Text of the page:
IUPUI grad reflects on obstacles he overcame after arson attack

Manoj Rana, an engineering student from India, almost lost his life in an intentionally set house fire in 2005.


An Indiana University Kelley School of Business Indianapolis student, who was a victim of a horrific crime, reflects on the obstacles he overcame as his graduation date approaches. 

Manoj Rana, an engineering student from India, almost lost his life in an intentionally set house fire in 2005. 

Rana’s neighbor, Steven Allen, was sentenced to 220 years for starting the fire that killed Allen’s wife and baby, as well as Rana’s roommate, Prabhat Signhal. 

Rana and Signhal, who was also an engineering student from India, lived together while attending Purdue University Calumet in Hammond, Ind.  In the early morning hours of July 2, 2005, Signhal awoke Rana, alerting him of the fire.  According to court documents, Rana attempted to run down the stairs of the apartment complex but encountered smoke and lost consciousness. 

Firefighters found Signhal dead in the bathtub of his apartment, but they were able to rescue Rana, who was located between the third and second floors of the complex.  Rana sustained burns on 95 percent of his body and did not believe he would survive.

“I’m lying on that gurney and I thought about my family and why I came here—to get a good education,” said Rana.

Four months later, Rana woke up from a medically induced coma.  He was later transferred to Wishard Hospital in Indianapolis for rehabilitation, which he completed almost three years after the fire.  

Despite a painful recovery and nearly 60 surgical procedures, Rana decided to go back to school to get his MBA.  After receiving an impressive score of 700 on his Graduate Management Admission Test (GMAT), Rana decided to enroll in the Evening MBA program at Kelley Indianapolis, which is ranked No. 4 in academic quality by Bloomberg Businessweek.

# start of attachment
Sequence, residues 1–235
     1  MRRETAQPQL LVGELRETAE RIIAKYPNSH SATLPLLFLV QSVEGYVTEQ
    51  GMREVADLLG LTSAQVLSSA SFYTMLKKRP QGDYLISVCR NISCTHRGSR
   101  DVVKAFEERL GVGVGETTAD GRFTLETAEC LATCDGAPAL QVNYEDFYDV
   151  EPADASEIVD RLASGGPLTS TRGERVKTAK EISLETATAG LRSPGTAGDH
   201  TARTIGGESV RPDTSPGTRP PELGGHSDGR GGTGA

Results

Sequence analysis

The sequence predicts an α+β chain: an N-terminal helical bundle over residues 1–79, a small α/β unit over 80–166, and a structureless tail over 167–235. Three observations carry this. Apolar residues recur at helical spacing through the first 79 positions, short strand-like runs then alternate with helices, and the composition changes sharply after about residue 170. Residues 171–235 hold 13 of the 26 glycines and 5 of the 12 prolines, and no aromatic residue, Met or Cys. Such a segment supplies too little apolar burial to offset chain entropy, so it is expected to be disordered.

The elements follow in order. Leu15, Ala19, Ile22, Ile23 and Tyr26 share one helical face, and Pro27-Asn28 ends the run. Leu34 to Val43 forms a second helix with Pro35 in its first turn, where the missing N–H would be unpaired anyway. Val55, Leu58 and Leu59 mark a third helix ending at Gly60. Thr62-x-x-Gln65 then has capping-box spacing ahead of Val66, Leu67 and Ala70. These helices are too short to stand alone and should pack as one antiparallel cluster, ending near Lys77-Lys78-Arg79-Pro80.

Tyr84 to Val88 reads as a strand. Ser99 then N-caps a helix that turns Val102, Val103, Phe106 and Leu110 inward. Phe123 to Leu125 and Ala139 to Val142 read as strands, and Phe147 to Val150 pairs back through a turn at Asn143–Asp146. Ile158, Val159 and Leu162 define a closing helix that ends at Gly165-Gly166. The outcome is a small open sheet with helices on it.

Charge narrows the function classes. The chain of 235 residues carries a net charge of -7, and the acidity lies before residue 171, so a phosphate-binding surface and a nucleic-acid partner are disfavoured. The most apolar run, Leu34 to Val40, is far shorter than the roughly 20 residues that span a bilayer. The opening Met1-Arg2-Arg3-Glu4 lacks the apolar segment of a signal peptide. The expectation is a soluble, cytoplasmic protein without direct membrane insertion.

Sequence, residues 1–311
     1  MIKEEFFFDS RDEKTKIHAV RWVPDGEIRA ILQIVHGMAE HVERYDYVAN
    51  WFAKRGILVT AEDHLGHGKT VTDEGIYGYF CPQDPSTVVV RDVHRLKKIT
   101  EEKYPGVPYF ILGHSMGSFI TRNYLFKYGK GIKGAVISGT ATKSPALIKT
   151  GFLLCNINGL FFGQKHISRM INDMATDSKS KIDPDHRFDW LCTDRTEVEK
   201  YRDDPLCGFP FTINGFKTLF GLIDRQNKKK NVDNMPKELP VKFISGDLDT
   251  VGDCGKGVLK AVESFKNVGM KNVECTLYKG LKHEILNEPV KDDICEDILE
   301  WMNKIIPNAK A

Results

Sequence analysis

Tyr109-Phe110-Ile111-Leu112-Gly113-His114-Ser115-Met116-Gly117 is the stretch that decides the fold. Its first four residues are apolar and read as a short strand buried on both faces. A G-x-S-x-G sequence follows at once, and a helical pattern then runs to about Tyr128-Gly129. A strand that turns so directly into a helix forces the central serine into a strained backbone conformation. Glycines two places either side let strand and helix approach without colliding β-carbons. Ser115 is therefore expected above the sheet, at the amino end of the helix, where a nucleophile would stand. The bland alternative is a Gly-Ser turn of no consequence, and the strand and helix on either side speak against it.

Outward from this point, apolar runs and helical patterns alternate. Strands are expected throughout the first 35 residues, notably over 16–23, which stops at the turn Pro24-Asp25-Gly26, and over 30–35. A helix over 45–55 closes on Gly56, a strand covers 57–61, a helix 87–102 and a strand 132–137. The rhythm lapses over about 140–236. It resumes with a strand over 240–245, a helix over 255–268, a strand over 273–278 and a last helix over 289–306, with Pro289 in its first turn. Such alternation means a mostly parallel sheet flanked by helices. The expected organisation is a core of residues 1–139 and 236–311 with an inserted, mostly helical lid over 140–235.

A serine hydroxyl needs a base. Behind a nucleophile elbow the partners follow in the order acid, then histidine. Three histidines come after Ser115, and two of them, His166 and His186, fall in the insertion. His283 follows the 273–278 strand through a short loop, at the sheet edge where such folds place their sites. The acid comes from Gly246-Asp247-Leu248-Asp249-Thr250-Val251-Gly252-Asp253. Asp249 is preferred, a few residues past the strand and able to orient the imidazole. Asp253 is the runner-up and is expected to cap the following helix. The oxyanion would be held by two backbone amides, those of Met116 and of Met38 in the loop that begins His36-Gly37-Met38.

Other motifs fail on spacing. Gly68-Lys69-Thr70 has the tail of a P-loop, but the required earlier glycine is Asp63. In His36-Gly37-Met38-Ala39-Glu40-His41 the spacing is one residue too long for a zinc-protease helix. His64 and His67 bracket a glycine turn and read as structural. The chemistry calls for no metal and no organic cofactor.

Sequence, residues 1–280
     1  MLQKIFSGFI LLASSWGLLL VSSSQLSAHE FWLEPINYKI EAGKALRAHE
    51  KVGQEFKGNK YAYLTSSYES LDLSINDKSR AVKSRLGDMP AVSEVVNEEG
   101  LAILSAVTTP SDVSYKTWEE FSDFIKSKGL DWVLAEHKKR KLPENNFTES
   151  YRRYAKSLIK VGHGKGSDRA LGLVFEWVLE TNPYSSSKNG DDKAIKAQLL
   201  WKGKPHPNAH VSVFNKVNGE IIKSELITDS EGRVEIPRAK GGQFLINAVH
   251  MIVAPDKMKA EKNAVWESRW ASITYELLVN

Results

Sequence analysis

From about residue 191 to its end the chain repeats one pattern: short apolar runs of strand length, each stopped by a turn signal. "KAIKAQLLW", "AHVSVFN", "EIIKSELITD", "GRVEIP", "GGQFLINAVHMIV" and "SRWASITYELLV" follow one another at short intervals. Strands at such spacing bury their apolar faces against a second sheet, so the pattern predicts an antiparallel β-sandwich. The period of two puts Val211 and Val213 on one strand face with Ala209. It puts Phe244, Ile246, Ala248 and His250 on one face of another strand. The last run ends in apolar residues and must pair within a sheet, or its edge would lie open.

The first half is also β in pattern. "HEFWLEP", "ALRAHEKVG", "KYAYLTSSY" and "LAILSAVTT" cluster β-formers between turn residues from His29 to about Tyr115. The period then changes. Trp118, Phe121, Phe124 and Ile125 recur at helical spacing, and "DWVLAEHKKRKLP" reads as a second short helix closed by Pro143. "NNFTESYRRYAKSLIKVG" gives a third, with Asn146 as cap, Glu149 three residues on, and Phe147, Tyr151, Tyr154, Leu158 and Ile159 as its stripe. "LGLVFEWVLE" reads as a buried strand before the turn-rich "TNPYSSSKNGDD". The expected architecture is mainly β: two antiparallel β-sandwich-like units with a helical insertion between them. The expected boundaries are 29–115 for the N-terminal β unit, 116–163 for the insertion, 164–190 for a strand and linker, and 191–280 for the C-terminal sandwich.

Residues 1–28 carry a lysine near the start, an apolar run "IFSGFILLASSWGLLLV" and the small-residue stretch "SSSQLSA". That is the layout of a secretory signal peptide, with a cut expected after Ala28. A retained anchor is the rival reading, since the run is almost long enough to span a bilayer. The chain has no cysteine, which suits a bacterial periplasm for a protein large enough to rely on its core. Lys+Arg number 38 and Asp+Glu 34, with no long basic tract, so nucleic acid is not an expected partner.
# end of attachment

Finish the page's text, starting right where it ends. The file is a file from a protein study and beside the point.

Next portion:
“I was still trying to figure out if I would be able to take the full course load,” said Rana. “At Kelley Indianapolis I could study part time and comfortably figure out my course load.”

Rana excelled in school and received the Academic Excellence Award, an award presented to the student with the highest GPA in the Evening MBA graduating class. 

“I don’t feel I’ve done anything special,” Rana said when asked about his incredible story. “I feel that all I’ve done is survive.”

Rana’s graduation will be an emotional reunion with his family.  The graduate’s family will travel from India to watch Rana reach this milestone.  The last time Rana saw his mother was when he was fighting for his life in the burn unit.

Rana will graduate on May 13 at 1 p.m. at the Indiana Convention Center. 

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